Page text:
The "game" is a zero-player game, meaning that its evolution is determined by its initial state, requiring no further input. One interacts with the Game of Life by touching the grid to setup the initial configuration. Unlike the previous tutorials there are no in-game controls as such. Let's build the scene.

Setting the scene

The game assets were designed to work with the iPhone, let's modify the scene size to work with this design resolution.

Open GameScene.sks, Zoom Out the scene, set the Size to (568,320), set the Anchor Point to (0,0), click on the "Hello, World!" label, and remove it by pressing the delete key.

Xcode scene resize

Adding the background

Drag background.png onto the scene and snap to the center of the GameScene. Set Z-Position to -1 to ensure the background is always at the back.

Adding the grid

Drag grid.png onto the scene, set Anchor Point to (0,0) bottom-left. Set Position to (181,6) and set Name to gridNode

The core simulation will happen inside the grid and you will be creating your own SKSpriteNode subclass to handle this later on.

Set the Custom Class to Grid Xcode grid custom class

User Interface buttons

Adding the play button

Drag play.png onto the scene and set Position to (88,283) Set Name to playButton and set Custom Class to MSButtonNode

Adding the pause button

Drag pause.png onto the scene and set Position to (88,241) Set Name to pauseButton and set Custom Class to MSButtonNode

Adding the step button

This button will serve as a handy way to test the game, allowing you to step through the simulation one iteration at a time. We're going to use the microscope asset, consider it an easter egg for the player.

Drag microscope.png onto the scene and set Position to (81,60) Set Name to stepButton and set Custom Class to MSButtonNode

Simulation information

Typically in Conway's game of life you want to display the population and generation of the creatures. The generation refers to the number of times the simulation has ran so far.

Adding the backdrop

Drag balloon.png onto the scene and set Position to (87,172)

Population label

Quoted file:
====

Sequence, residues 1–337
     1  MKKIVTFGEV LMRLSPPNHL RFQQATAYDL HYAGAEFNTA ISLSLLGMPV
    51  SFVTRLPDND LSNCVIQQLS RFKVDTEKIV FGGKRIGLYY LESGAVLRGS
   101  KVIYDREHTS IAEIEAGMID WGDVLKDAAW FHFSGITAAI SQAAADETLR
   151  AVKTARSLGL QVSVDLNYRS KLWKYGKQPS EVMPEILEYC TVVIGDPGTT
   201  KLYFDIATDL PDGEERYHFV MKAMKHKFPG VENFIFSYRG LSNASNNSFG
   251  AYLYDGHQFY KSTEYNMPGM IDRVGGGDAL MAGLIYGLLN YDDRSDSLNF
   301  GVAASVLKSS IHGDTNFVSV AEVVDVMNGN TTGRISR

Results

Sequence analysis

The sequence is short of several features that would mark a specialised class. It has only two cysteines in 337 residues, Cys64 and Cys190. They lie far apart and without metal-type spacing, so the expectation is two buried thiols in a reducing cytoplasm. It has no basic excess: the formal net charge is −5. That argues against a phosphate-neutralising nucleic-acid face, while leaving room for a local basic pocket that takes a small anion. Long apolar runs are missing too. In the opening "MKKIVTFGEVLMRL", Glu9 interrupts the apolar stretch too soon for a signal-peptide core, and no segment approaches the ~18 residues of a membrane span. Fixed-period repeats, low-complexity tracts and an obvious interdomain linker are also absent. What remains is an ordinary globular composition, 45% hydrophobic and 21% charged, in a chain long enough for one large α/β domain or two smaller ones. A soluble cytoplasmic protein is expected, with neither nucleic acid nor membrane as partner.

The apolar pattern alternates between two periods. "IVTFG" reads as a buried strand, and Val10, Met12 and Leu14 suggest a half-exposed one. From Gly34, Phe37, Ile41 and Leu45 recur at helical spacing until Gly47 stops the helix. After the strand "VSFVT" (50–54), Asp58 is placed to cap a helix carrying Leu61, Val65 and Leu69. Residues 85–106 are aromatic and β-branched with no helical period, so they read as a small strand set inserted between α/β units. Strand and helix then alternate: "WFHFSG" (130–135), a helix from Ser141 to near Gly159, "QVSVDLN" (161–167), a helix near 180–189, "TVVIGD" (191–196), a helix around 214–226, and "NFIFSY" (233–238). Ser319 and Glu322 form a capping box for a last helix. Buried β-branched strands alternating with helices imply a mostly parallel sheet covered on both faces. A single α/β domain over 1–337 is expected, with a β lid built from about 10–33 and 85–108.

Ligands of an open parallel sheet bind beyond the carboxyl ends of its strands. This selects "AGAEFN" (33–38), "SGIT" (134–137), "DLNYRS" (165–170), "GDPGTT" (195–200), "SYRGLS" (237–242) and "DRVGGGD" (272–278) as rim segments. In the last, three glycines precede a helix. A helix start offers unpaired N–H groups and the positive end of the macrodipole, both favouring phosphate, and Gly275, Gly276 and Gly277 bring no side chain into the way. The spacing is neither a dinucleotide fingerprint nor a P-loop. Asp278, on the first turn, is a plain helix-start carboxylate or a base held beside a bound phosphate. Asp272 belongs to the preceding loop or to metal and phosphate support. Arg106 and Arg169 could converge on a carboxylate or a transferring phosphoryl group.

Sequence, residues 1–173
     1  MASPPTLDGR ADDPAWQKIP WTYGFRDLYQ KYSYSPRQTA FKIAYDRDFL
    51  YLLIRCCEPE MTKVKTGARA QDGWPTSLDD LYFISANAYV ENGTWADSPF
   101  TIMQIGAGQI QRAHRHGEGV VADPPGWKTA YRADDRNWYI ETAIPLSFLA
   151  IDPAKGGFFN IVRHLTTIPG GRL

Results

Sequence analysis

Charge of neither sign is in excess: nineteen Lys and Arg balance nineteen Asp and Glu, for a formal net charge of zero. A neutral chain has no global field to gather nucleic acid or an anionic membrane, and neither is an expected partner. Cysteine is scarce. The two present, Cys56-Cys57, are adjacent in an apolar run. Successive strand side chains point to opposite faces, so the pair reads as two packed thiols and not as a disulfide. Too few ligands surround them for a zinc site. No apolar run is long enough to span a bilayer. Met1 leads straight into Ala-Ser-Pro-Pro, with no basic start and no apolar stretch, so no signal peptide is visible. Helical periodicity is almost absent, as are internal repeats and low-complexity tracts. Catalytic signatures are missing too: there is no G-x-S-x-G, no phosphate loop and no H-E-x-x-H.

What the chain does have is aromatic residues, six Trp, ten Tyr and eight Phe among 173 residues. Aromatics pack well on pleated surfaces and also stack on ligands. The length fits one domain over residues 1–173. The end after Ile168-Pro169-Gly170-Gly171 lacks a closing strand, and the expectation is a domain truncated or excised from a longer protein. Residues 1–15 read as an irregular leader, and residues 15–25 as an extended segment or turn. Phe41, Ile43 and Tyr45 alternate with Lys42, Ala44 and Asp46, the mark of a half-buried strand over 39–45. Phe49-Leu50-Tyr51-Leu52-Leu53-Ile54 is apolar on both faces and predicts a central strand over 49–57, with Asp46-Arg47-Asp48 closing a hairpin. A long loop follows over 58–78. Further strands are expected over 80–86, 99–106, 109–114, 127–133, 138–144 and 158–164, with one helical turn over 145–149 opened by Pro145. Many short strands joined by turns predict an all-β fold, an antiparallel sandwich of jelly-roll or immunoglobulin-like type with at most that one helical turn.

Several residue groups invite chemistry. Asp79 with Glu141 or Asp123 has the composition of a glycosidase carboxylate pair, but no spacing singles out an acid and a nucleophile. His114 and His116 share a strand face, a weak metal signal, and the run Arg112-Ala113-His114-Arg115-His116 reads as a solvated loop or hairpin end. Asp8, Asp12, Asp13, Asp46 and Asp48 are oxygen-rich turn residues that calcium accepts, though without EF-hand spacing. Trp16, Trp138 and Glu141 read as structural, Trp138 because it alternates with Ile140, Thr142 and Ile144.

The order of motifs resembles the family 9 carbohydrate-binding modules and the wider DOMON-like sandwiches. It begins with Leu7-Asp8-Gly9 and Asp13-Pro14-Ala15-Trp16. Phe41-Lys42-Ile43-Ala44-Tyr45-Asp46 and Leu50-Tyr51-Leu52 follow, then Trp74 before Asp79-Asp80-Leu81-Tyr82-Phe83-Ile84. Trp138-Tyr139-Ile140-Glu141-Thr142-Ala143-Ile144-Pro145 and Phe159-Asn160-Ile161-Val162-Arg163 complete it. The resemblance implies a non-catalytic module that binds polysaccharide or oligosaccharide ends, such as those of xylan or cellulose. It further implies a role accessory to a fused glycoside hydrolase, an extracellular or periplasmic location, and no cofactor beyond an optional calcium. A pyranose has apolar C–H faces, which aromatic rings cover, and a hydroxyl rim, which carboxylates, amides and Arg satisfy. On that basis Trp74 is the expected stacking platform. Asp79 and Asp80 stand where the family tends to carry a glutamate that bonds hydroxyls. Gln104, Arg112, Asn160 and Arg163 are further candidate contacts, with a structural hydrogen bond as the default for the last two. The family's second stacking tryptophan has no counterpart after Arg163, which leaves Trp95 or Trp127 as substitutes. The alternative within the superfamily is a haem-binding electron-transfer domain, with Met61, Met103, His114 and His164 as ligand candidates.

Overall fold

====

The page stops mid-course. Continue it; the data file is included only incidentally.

Drag a Label onto the scene and set Position to (87,189) Set Z-Position to 1 as you want to ensure the label sits on top of the backdrop Set Text to Population

The default label doesn't look right, you want to select a font that fits in with the overall aesthetic.

Click on Font to bring up the font selection dialog. I went with Courier New Bold 12, feel free to use whatever you think looks good. Click on Color, I used the color picker to pick out the dark green, RGB 21,93,53

Xcode SpriteKit label setup

Generation label

You have the population label, now add the Generation label.

Add a Generation label, Set the Position to (87,158)

Dynamic label counters

Next you will need two labels to display the values for population and generation respectively.


Copy/Paste the Population label, set Position to (90,173) and set Text to 0. You will need a code connection for this population counter, set Name to populationLabel


See if you can repeat this process and add a generationLabel at (90,144)

Your finished UI should hopefully look like this:

Xcode GameScene UI


You've set the stage for the game and built the user interface, in the next chapter you will work on the Grid custom class which will perform the heavy lifting in this simulation.


If you have feedback on this tutorial or find any mistakes, please open issues on the GitHub Repository or comment below.

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